The sky’s were gray and gloomy, the town seemed empty. Depression filled the air and it was eerily silent all around. Alone, quiet and miserable. Nothing could be said about this place, no words could describe the unbearable actions committed against humanity. It was a home to monsters and a prison to the innocent. The morbid actions may not take place anymore, but the memories are written in stone and carved from the dead still remain. Welcome to Flossenbürg Concentration Camp.
As I entered the town of Flossenbürg, my first time, I noticed the streets were empty. The weather wasn’t the greatest, but I did not expect it to be quiet on a Sunday afternoon. We searched around for the camp and drove up a steep winding road through the town. We parked our car and got out, no more than observing the desolation of this once torture camp.
As the prisoners were brought to the front of the concentration camp. A tall stone structure with three windows overlooking the camp. The SS headquarters quartered ninety SS soldiers for the entire Flossenbürg camp. The headquarter’s held the prisoner’s log and other documents about the prisoners and the history of some of the German prisoners that were forced into the labor camp.
(SS Headquarters second trip to Flossenbürg Concentration Camp)
Next place the prisoners would encounter what the roll-call ground that sat in between the old rugged kitchen and laundry room. They were two long white stone buildings that sat somber in appearance. They have since been refurbished and turned into museums. These buildings now tell the story of what a daily life is like in the despondent camp.
(Kitchen of the Flossenbürg Concentration Camp first trip) (Laundry Room of the Flossenbürg Concentration Camp)
The Laundry Room was more than what an average person would think. It was a place of torture before being bathed in the showers by monstrous hands. During one of our trips we talked to an older couple. They had told stories that their parents had told them about the laundry room was used to brutally beat prisoners almost to the point of death. Some prisoners have been so severely beaten that they were never able to recover from the harsh beatings. They would then forcefully shave their heads sometimes cutting the prisoners and then bath them in showers which were scorching hot and other times ice cold. The laundry room was a torture chamber and it was feared to go into the building. Their striped pajamas would be given here and then off to the barracks the dispirited prisoner would go.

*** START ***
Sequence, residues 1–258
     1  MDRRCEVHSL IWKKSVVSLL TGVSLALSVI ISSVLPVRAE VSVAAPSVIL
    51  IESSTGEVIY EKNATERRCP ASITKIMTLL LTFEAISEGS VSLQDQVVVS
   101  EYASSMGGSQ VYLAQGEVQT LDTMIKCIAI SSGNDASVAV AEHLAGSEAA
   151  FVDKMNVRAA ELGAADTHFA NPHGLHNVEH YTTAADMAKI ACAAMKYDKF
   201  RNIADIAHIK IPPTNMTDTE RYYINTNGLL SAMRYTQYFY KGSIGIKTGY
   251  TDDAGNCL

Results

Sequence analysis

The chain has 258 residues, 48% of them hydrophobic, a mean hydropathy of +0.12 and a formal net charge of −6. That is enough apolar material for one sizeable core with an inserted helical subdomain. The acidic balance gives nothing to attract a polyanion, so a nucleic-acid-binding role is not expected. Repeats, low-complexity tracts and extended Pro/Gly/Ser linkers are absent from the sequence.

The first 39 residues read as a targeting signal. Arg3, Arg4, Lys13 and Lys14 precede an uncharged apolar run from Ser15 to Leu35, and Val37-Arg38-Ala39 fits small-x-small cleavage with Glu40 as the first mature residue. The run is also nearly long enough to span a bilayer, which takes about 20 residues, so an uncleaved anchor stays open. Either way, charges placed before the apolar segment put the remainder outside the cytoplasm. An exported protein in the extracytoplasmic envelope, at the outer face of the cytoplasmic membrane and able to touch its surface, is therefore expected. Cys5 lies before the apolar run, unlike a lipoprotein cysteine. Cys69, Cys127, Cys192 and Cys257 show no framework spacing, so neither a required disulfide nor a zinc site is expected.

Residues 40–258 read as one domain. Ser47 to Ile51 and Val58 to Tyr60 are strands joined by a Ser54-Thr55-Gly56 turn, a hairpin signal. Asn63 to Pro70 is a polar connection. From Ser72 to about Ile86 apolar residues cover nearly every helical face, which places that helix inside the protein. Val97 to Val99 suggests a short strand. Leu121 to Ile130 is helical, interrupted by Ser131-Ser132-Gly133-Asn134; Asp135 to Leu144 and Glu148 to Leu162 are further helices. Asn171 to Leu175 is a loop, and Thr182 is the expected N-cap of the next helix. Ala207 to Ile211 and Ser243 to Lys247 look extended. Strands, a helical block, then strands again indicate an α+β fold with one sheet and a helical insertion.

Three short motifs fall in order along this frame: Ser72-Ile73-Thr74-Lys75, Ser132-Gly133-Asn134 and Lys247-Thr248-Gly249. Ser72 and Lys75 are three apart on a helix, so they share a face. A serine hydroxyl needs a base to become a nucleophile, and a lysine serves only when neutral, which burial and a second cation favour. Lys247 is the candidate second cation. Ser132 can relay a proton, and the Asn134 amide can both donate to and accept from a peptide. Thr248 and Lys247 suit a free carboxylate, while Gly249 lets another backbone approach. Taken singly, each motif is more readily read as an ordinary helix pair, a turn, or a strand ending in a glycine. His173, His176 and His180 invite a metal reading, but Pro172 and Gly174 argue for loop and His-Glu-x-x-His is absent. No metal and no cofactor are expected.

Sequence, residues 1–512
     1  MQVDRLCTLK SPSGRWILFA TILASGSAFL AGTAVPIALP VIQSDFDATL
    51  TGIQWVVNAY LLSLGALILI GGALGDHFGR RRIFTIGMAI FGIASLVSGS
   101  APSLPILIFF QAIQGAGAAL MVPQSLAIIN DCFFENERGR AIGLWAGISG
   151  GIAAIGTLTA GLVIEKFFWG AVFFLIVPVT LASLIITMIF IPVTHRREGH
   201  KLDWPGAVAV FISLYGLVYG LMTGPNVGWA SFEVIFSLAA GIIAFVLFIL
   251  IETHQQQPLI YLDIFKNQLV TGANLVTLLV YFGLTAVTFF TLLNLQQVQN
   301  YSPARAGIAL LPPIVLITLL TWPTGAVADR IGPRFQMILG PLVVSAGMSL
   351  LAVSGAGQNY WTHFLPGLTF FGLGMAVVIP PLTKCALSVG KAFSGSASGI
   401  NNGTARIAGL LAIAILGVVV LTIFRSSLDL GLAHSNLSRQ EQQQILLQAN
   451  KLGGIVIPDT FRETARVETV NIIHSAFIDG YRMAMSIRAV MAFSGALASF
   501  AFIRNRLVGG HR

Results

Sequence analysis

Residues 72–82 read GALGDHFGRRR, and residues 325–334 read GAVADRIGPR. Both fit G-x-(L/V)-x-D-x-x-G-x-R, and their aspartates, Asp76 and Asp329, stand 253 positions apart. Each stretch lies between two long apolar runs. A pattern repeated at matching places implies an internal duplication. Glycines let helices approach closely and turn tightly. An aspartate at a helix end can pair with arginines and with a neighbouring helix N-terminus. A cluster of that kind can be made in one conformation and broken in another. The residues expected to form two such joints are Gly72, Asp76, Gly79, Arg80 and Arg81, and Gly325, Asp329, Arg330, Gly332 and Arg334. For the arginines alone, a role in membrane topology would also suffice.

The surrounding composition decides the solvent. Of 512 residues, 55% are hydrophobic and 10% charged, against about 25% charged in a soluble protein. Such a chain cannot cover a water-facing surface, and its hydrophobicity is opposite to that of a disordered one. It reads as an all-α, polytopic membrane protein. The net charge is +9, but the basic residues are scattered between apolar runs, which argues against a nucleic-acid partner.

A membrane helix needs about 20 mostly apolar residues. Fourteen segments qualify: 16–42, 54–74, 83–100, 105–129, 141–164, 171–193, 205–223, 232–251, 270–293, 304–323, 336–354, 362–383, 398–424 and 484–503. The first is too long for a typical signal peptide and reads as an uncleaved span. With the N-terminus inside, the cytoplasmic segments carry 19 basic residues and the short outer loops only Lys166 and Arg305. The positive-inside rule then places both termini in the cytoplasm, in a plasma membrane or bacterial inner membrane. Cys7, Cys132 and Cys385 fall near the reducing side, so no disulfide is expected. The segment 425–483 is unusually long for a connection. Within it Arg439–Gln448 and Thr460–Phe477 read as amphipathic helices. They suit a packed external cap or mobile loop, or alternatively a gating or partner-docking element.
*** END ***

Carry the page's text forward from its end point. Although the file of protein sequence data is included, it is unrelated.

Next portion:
Death was welcomed by the SS in this lab camp. The town of Flossenbürg is rich in granite and many of the prisoners were forced to mine the granite. Sometimes the lab was so intense that prisoners would fall dead. If this did not kill you, random shootings from the guards and lethal injection was not a surprise in the camp. Many diseases began to crawl through the camp and would not be treated so they would die from the sickness. Death striving guards over the prisoners like the grim reaper ready to take their souls at any minute.
There were so many people dying during the cremation of the crematorium. Today the ashes of many still remains with grass growing and being named ” The Pyramid of Ashes “. Diedrich Bonhoeffer Who the gallows are no longer around. We do not know for sure if he was buried or hung, but it is assumed he was buried as many Germans were. Diedrich Bonhoeffer was hung up in this brightly filled camp on April 9th, 1945.
(Pyramid of Ashes) (The ovens in the crematorium) (The Pyramid of Ashes with Crematorium in the background as a guard tower over looks them.)
The prisoner quarters or barracks were pieced together with wood and are no longer around today. They run uphill and break away from the cold. Hypothermia, pneumonia, bronchitis and other sicknesses would be the prisoners and treatment nowhere to be found. (The Barracks in the 1940’s show the barracks on the left side of the gate) (Today in 2018 What’s left over the SS headquarters on the left, behind the HQ is the cantina or as we know it, cafeteria for the SS Soldiers and Guards , the kitchen with the homes behind the hill, the laundry room In the middle and the remaining detention barracks or “Arrest building”, where prisoners such as Dietrich Bonhoeffer and his comrades would have stayed.) (A comparison of then and now)
Flossenbürg was a torture camp and a hell for those who survived and remembered it. The United States arrived and liberated the camp on April 23rd, 1945 with troops from the 97th Infantry Division and the 90th Infantry Division. Bonhoeffer and many others may have been spared. The lives that were lost were remembered by the remains of today. Words can not describe the darkness. I would not fully understand what they were going through unless.
(A final look)